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Reproductive Rights Emerge from 2015 Montana Legislature Stronger Than Ever
HELENA, MT—Reproductive rights emerged stronger than ever after the 2015 Session, even in the midst of rampant attacks throughout the nation. Montana gained its own share of national attention for extreme legislation—not just yoga pants and dress codes—bigger, more personal policies like the ban on telemedical abortion services and the "fetal anesthesia bill”. But despite the hostile national climate, a handful of anti-choice zealots, and countless shenanigans, Montana has maintained its solid platform allowing for private medical decisions; and has even expanded its commitment to family planning services—a breath of fresh air and sound logic—thanks to the work of Governor Bullock and responsible Republicans.
NARAL Pro-Choice Montana applauds Governor Bullock for his unwavering commitment to put health above politics, and the strong Republicans who pushed back against extreme, dangerous legislation. Responsible Republicans even made the bold and brilliant move to take Title X Family Planning Funding out of the budget circus and lay the non-controversial issues of pregnancy prevention and pap smears to rest. This is to say nothing of the bold moves to expand access to healthcare (including reproductive healthcare) through the HELP Act.
With vetoes of all anti-choice bills and greater access to healthcare, Montanans reproductive health outlook is better than ever. There is much to be applauded and celebrated.
AN OVERVIEW OF REPRODUCTIVE HEALTH-RELATED BILLS
Governor Steve Bullock vetoed three bills that would have jeopardized women’s health and restricted Montanans access to abortion care. All three bills were noted, rightly, by the Governor as "part of a series of extreme bills prioritizing political ideology over sound health care policy”. All three bills were sponsored by men and opposed by reproductive rights advocates and medical societies.
House Bill 587—the ban on "webcam chemical abortions”
Rep. Regier of Kalispell sponsored HB 587 in an effort to "protect” women from what he referred to as "webcam” and "chemical” abortions. [FACT: Medical abortion is incredibly safe—a regimen of two medications taken orally early in a pregnancy. Serious complications arise in less than 0.4% of medication abortions and all research has shown that this rate does not change with the employment of telemedicine.] Supporters of the bill showed a complete lack of understanding of both medication abortion and telemedicine, in general. They repeatedly painted a picture of a young woman in her rural bedroom on her laptop, communicating with a doctor (or maybe he isn’t a doctor!), never getting examined and never receiving follow-up care, but getting "chemicals” sent to her in the mail to induce an abortion. Blatant fear-mongering and imagination. Telemedicine is a legitimate and common method of health care in Montana, one that the sponsor himself endorsed in the 2013 Legislature. Opponents of the bill included, not only NARAL and Planned Parenthood (whom you might expect), but also the National Partnership for Women and Families, the Montana Chapter of the American Congress of Obstetricians and Gynecologists, and Montana medical providers, to name a few.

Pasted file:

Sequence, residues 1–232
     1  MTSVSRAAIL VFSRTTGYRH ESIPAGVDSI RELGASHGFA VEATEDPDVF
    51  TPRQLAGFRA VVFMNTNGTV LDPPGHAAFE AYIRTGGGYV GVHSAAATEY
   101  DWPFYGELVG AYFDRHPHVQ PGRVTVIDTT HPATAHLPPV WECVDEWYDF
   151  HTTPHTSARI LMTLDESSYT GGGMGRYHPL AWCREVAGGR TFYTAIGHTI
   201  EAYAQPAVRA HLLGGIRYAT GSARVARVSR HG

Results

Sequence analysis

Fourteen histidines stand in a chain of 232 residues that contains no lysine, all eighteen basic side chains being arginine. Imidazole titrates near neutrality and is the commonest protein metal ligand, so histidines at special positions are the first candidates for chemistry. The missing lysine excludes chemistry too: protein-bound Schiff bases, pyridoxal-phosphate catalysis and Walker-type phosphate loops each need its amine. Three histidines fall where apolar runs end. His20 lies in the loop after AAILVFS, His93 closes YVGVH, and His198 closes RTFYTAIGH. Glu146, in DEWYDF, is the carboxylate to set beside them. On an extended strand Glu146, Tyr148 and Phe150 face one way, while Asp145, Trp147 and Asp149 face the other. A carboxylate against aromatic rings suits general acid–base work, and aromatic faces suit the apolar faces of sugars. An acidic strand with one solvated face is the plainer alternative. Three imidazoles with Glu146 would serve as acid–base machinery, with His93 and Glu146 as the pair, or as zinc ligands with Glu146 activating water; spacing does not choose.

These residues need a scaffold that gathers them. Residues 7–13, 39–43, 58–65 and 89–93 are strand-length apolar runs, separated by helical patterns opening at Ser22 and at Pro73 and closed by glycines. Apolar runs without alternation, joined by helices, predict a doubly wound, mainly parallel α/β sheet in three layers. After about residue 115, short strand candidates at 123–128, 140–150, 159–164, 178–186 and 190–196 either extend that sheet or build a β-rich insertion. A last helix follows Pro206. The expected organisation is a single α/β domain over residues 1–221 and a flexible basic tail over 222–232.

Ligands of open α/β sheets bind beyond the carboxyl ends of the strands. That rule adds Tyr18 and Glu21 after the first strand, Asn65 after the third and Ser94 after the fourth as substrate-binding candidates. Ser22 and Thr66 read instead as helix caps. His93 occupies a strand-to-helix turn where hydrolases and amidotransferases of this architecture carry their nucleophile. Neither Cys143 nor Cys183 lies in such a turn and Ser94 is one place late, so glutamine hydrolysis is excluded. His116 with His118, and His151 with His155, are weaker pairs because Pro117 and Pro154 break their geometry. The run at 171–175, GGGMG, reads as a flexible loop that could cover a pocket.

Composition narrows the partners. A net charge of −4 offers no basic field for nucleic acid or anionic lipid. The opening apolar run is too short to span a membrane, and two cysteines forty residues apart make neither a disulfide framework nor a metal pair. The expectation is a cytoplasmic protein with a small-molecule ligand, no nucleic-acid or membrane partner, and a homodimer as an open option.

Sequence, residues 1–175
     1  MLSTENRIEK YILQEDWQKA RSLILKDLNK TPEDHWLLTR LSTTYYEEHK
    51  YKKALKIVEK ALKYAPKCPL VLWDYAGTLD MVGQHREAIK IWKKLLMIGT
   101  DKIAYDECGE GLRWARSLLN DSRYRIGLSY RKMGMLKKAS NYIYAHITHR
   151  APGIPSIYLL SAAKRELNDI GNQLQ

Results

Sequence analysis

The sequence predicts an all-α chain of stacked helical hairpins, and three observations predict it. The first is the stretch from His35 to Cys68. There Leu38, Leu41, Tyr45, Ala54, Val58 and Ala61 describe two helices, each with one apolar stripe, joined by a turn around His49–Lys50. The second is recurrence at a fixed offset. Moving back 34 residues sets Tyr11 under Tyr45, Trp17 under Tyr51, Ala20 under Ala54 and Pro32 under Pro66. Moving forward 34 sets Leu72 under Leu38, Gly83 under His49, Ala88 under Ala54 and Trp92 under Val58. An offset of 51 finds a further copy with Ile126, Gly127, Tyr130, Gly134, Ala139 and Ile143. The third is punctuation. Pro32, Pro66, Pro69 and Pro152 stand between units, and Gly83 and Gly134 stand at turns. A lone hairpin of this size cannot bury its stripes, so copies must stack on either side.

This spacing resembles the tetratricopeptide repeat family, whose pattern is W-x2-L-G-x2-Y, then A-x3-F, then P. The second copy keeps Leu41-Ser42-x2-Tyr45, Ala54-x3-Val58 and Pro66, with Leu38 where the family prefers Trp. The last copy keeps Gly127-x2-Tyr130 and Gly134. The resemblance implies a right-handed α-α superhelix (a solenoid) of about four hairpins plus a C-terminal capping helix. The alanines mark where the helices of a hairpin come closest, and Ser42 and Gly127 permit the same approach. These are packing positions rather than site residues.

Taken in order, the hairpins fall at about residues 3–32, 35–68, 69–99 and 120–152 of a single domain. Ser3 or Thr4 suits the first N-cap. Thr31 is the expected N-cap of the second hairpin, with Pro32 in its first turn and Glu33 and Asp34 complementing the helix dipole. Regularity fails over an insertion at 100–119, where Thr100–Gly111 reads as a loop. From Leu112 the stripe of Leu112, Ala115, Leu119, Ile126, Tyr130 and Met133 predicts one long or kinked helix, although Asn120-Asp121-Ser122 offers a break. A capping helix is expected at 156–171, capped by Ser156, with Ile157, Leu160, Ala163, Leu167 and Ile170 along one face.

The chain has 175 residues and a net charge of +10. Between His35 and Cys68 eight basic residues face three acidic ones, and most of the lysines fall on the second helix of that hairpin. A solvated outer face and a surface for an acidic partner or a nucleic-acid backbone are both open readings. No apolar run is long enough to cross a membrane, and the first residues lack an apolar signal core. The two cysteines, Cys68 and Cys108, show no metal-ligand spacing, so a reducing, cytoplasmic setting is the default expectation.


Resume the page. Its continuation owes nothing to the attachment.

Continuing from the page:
The bill would have had a disproportionately negative effect on women in rural areas where access to safe, early abortion care is already incredibly challenging. In his veto letter, Governor Bullock urged greater access to healthcare via telemedicine, not imposing restrictions on particular medical procedures before they are even being utilized in the state.
This bill was unnecessary and targeted a medical procedure that has been proven to be entirely safe via telemedicine. Every medical society applauds the capabilities of telemedicine and recognizes the unmatched track record for safety that medical abortion has. Beyond that, though, we should all be objecting to legislators directing how medical professionals operate. This sort of government intrusion would never be accepted in any other healthcare setting, and it certainly should not be tolerated here.
Senate Bill 349—the stigmatizing insurance bill
Sen. Smith of Billings pushed a bill restricting access to abortion care, attempting to force health insurance companies on the exchange to create special plans without abortion coverage. Bill supporters ironically coined this as a "pro-choice” bill—giving consumers the choice to follow their conscience and not have one dollar of their premiums go toward helping pay for another insured person’s abortion. If a consumer may choose their healthcare coverage based on moral judgement—should we then allow for purchasers to opt out of birth control coverage, circumcision, vaccinations, STI treatment, or diabetes medication?